Figure 4: C. Sagan, The Dragons of Eden: Speculations on the Evolution of Human Intelligence (Random House, Estados Unidos, 1977).8 This figure shows the respective ages of objects in the universe, when they were formed, and if they were to be condensed into one calendar year. The Big Bang happened on January 1st; the Milky Way Galaxy was formed in March; our Solar System wasn’t formed until August; single celled organisms appeared in September; multi-cellular organisms appeared in November; most of the Earth’s known history happens in December; our human ancestors didn’t walk upright until 9:24pm on December 31st; the majority of our own human history happens within the last few minutes of December 31st.

Apollo missions

Apollo 11 and 12

During the first two apollo missions set out by NASA in the late 1960’s and early 1970s, humanity had their first opportunity to collect samples from a foreign terrestrial body known as our satellite, the moon.9 This material was then brought back to Earth. Some of this debris was from impacts of asteroids colliding into the moon.  It was then tested for various reasons. Scientists first studied whether these rock specimens would be harmful to plants, bugs or animals before they were directly in contact with the specimens themselves. According to the second Apollo mission (Apollo 12), a rock called Rock 13, was carbon dated back to 4.6 million years of age providing insight that the solar system could at least be that old. This dates back to what is believed to be the formation of the Solar System when it was still a protoplanetary disk.

Apollo 15 and 16

During the fifth (1971)  and sixth (1972) manned apollo 15 and 16 NASA missions that landed on the the moon, debris was collected from many craters and basins.10, 11 Two of them, can be seen with the naked eye from here on Earth and are called Mare Imbrium and Mare Serenitatis. This debris was collected to later be examined for determining the age of these basins. Through carbon dating from material gathered, off the moon and some from Earth, scientists were able to determine that meteors hit the moon and the four inner terrestrial planets, Mercury, Venus, Earth, and Mars, during a certain time frame.12, 14 The moon has no atmosphere so these samples were easier to examine because no erosion occurred. On Earth, there is an active erosion cycle, and tectonic plate system as well as other natural phenomenon that has over time and continually deleted materials that would help in determining catastrophic events from the past.12 Scientists can not find any geological evidence dating past 3.5 billion years ago. The Earth does have some evidence but the moon is a fresh playing field for astronomers and scientists.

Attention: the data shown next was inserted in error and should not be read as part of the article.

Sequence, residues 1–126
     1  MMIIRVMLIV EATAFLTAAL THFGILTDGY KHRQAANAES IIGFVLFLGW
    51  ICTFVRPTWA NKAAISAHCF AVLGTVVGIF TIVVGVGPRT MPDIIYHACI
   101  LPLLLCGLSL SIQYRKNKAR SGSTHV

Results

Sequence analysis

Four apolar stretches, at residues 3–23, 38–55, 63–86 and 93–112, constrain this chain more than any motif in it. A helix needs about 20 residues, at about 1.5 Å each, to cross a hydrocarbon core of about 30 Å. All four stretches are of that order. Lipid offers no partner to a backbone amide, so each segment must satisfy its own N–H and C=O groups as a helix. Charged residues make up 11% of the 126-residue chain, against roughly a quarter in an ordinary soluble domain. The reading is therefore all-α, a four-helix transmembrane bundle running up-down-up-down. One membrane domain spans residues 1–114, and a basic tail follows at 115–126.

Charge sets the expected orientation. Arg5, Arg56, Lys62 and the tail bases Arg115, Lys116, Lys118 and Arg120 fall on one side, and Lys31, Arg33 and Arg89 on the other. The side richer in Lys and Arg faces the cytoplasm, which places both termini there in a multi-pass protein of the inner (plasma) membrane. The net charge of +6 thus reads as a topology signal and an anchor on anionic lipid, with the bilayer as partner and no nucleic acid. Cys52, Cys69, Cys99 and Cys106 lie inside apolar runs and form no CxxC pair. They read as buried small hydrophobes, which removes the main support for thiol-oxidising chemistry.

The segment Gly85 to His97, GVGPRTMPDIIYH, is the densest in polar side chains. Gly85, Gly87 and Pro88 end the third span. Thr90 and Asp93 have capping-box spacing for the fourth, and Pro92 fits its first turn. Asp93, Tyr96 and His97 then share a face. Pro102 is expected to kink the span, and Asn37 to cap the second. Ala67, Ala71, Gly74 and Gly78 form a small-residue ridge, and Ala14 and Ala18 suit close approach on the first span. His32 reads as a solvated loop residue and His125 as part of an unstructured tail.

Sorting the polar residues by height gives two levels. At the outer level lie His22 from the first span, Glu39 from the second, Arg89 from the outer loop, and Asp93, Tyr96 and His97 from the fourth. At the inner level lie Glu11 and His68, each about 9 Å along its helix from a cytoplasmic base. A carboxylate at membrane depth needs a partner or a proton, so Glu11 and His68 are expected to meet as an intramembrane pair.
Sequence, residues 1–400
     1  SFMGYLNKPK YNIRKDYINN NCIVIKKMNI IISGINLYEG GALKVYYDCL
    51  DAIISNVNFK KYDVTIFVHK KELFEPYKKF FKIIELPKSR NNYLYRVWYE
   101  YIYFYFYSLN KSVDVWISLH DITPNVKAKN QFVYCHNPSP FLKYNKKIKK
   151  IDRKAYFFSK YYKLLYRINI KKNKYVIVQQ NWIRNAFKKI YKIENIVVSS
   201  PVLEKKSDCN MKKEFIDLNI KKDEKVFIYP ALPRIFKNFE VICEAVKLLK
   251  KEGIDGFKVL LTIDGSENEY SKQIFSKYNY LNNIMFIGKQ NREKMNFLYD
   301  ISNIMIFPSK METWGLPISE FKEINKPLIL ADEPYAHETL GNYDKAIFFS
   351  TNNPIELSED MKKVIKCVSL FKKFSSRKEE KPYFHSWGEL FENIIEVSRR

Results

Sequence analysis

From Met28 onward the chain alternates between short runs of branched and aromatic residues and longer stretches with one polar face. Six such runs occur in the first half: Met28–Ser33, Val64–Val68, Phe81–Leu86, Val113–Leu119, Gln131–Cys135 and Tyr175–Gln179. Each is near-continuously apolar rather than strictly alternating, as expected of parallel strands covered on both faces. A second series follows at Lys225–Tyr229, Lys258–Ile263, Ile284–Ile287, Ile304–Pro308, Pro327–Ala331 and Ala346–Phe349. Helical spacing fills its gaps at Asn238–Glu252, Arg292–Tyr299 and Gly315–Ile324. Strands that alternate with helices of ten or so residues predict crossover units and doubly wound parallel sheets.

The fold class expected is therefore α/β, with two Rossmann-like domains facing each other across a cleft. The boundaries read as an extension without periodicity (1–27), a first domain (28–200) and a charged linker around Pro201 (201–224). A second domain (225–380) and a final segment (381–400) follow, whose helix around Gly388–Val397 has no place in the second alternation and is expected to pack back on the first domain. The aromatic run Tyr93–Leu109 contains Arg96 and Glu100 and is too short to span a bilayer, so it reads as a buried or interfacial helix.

Apollo 17

The seventh and last mission that NASA sent to the moon was Apollo 17 in 1972.13 It lasted twelve days, making it the longest of the Apollo missions and the largest sample of lunar rock was collected. This mission was set up to get more samples of the lunar basins material. Mare Imbrium is believed to be the youngest basin on the moon out of the two huge basins explored and it is believed that this impact may have covered the older impacts with new debris. Therefore, apparent ages of previous samples collected could have been “reset” by events occurring after them. The Mare Imbrium basin was formed from an asteroid that collided with the moon roughly 3.9 billion years ago but Mare Serenitatis may be an older basin.

Figure 5: Mare Imbrium is a huge basin on the moon and next to it is Mare Serenitatis. During the Apollo missions debris from each was collected and both were dated to the same time frame. However, there is controversy with this as it is believed that Serenitatis is older than Imbrium and Imbrium debris covered it.10, 11, 14, 15

Late Bombardment

According to other theories throughout time, the solar system was formed 4.6 billion years ago. The late heavy bombardment theory is estimated to have happened  3.8 to 4.1 billion years ago.12, 14 Due to specimens of rock retrieved during the Apollo Missions, scientists were able to study the debris from two of the biggest basins on the moon and conclude that at one point there was a huge asteroid shower that collided with the four inner terrestrial planets. This is known as the Late Heavy Bombardment or Lunar Cataclysm. Early history of the solar system was an aggressive battlefield among planets and other large protoplanets. This theory gives proof that the solar system was forming or already formed in that time era.